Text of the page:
Can someone show me mathematically how this is done? I mean it should right?
     
  2. jcsd
  3. Jan 13, 2013 #2

    Nugatory

    User Avatar

    Staff: Mentor

    1) We have never, not once in the history of humanity, ever observed a situation in which energy and momentum are not both conserved. Every time we think we've found such a situation, it has always turned out that we've overlooked or misunderstood something. So it's a pretty safe bet that both always hold.

    2) yes.
     
  4. Jan 13, 2013 #3

    vanhees71

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    Science Advisor
    2016 Award

    First of all you have to define which process you really mean. I don't understand you picture. What's "razpad"?

    Usually under pair production one understands the process
    [tex]\gamma + \text{nucleus} \rightarrow e^+ + e^- +\text{nucleus}.[/tex]

    Of course both energy and momentum are conserved in this reaction. What you may have read is the correct statement that a single-photon decay in the vacuum is impossible due to energy-momentum conservation.
     
  5. Jan 13, 2013 #4

    Nugatory

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    Staff: Mentor

    "Razpad" is the Slovenian word for "decay". I assumed from the context that OP was using it in the sense of particle decay, although someone fluent in both physics and English might prefer something that translated into "interaction".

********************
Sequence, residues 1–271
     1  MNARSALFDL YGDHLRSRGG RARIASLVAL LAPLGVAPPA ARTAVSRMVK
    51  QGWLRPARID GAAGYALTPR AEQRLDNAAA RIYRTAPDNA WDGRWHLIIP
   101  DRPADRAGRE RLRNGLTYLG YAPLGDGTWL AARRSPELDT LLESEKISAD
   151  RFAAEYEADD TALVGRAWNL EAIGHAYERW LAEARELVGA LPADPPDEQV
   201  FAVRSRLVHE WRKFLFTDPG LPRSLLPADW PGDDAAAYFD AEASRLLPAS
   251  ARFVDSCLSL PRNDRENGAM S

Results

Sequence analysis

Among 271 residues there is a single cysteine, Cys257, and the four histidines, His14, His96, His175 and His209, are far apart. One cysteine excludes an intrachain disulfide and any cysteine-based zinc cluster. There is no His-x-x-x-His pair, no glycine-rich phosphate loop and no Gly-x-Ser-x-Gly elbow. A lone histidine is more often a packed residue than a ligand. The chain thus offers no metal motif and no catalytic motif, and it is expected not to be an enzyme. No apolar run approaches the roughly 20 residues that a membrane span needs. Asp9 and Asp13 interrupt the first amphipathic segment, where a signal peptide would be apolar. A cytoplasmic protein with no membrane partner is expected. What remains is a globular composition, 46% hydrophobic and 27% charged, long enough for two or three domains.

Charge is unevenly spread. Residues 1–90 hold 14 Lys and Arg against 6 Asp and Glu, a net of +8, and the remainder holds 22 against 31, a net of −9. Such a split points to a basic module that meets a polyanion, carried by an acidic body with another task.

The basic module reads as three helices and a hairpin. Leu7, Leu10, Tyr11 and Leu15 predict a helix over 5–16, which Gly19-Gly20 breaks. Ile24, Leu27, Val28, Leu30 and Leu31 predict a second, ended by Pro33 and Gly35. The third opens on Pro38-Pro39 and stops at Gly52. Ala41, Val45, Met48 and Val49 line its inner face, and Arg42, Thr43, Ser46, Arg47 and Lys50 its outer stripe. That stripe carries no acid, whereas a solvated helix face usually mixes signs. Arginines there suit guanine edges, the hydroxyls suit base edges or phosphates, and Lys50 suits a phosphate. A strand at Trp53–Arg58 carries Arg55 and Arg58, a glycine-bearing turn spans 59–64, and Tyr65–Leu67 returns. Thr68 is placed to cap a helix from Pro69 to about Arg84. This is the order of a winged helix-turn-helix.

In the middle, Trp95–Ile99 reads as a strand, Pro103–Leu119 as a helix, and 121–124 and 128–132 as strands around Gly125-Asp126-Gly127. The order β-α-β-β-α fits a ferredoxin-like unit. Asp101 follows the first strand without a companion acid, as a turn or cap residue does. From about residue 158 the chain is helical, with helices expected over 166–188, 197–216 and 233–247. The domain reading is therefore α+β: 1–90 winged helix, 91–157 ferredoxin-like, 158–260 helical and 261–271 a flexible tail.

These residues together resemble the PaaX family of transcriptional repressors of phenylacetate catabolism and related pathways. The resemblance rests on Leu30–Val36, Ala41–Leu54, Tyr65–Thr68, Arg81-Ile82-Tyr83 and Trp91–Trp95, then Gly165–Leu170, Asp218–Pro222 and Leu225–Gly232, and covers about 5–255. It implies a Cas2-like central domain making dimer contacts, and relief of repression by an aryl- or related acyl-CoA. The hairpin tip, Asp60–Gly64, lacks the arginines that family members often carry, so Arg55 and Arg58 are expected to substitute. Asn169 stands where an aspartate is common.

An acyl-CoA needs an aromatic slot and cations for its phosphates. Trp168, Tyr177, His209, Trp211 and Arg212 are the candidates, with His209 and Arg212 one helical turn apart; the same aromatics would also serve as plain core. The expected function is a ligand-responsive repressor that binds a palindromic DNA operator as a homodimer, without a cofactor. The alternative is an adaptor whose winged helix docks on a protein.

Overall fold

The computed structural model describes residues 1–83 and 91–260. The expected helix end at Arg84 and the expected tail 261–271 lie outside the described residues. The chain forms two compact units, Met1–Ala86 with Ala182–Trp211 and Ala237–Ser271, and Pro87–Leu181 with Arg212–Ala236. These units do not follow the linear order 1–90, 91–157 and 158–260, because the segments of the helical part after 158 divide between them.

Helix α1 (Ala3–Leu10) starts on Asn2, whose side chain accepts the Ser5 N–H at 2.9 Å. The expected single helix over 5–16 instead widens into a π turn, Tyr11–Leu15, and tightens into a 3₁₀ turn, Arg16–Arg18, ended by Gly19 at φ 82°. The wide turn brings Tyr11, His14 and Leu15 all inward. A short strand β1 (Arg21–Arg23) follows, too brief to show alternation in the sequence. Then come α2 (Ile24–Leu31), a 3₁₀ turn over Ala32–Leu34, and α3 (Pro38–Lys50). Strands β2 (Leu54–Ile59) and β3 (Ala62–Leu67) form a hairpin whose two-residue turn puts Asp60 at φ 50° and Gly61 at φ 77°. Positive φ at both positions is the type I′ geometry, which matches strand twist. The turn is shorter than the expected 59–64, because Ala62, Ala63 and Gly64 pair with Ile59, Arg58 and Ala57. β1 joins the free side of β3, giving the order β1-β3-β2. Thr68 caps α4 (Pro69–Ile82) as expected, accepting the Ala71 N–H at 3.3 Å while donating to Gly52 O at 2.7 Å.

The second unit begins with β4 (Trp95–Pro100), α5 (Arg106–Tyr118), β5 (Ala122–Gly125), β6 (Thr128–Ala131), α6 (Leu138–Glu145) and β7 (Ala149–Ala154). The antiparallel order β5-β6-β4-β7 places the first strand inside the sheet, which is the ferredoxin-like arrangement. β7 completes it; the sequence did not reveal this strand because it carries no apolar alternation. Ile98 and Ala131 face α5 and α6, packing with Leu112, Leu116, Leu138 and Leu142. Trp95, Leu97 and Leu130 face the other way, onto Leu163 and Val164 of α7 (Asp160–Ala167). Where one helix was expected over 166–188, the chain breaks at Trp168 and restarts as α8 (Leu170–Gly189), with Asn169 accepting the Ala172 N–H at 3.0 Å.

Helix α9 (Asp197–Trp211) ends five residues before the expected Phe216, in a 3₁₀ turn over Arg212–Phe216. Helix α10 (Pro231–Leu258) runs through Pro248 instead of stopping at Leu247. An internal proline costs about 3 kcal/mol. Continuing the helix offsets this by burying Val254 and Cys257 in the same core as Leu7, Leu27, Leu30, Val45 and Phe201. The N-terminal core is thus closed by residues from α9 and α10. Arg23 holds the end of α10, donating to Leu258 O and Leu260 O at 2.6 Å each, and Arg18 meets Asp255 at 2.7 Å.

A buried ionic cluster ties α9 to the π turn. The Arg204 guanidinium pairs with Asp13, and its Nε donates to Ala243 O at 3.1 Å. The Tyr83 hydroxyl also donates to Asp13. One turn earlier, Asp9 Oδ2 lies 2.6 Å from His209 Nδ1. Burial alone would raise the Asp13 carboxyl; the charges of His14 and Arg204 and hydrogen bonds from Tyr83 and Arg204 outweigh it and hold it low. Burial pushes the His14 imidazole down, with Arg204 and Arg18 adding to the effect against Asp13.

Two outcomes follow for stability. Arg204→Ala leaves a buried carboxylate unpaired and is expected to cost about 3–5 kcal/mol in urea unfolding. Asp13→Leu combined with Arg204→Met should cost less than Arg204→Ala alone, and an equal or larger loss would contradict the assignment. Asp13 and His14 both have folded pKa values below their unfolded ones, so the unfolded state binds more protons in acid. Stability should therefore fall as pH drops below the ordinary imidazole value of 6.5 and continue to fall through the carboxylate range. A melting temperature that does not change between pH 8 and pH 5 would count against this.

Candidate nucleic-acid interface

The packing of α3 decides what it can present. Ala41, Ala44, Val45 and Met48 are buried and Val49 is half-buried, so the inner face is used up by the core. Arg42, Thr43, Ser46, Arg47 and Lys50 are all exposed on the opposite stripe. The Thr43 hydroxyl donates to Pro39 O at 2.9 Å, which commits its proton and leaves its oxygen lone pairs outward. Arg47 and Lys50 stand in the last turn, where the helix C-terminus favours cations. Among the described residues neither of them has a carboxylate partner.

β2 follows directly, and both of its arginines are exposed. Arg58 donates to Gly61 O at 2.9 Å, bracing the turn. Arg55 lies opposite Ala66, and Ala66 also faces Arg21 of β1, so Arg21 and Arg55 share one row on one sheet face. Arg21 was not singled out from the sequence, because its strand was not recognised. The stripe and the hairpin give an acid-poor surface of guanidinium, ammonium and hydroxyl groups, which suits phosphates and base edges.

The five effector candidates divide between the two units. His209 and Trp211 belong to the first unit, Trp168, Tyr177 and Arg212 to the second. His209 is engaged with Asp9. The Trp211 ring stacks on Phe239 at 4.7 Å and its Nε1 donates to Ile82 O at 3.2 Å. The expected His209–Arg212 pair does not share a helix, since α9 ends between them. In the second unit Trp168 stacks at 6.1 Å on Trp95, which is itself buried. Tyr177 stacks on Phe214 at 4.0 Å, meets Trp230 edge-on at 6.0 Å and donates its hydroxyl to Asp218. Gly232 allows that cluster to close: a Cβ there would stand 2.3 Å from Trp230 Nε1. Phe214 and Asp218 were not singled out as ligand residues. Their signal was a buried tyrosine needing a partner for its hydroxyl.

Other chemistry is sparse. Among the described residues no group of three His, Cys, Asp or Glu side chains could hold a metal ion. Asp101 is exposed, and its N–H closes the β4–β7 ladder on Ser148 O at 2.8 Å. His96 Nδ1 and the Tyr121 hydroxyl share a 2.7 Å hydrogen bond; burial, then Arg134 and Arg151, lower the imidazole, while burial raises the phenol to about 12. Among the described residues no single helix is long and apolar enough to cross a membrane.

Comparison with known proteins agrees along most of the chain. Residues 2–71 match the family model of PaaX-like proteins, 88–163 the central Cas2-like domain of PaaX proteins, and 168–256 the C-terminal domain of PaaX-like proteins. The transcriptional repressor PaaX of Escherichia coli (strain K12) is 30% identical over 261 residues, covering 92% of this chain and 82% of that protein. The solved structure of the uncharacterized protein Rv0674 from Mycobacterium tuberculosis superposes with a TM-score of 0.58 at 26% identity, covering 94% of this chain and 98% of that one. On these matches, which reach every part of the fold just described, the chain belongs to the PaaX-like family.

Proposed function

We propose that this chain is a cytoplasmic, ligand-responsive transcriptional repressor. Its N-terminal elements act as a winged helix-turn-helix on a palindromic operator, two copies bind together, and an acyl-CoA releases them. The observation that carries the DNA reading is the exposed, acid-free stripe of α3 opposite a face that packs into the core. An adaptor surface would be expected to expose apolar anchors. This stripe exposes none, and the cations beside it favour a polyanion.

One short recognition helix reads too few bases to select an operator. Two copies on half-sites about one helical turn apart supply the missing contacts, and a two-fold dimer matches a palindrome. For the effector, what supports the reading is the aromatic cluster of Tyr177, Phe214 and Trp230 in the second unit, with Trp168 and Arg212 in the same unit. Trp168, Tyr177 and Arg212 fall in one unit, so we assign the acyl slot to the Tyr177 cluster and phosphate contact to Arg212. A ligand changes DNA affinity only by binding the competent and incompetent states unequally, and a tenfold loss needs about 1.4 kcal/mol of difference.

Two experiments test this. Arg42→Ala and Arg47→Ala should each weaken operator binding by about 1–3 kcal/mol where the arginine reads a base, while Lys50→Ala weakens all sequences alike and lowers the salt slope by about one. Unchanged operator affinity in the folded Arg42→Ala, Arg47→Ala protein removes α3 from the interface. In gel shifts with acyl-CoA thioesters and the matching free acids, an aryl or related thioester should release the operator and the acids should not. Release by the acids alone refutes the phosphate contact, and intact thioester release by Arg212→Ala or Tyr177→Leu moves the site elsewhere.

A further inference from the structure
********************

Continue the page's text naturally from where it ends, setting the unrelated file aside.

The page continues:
6. Jan 13, 2013 #5
    Oh i am sorry it means "splits". The picture shows an impossible situation which i intentionally predicted. But still. How can i show mathematically that nucleus is even needed? Where exactly does it come in so that it fixes my equations? By equations i mean these two:

    $$
    \begin{split}
    h\nu &=m_ec^2 \left[\gamma(v_1) + \gamma(v_2) \right]\\
    h \nu &= m_e c \Big[ \gamma(v_1) \underbrace{v_{1} \cos \alpha}_{\neq c} + \gamma(v_{2}) \underbrace{v_{2} \cos \beta}_{\neq c} \Big]
    \end{split}
    $$
     
  7. Jan 13, 2013 #6
    What i need now is only the missing 3). Could anyone provide equations?
     
    Last edited: Jan 13, 2013
  8. Jan 13, 2013 #7

    mfb

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    2016 Award

    Staff: Mentor

    Your inequality shows that the process is not possible without a nucleus.
    You can look at the time-reversed process, too: With electron+positron, there is an inertial system with a fixed center of mass. This is not true for a single photon.

    With a nucleus, it is a bit lengthy to calculate it in an analytic way. The general idea is that a nucleus is heavy compared to the electrons - it can gain significant momentum with little energy (##E \approx \frac{p^2}{2m}## (edit: fixed prefactor)). Therefore, you are "allowed" to ignore momentum conservation if you consider photons and electron/positron only: the nucleus will get the momentum difference.
     
    Last edited: Jan 13, 2013
  9. Jan 13, 2013 #8
    I am more of a newbie and interpreted it more like a: "Oh inequality! So it can't be done." From my perspective there is no proton. I yet have to proove to myself that i really need it. Thats where i saw the other part of your post which i like: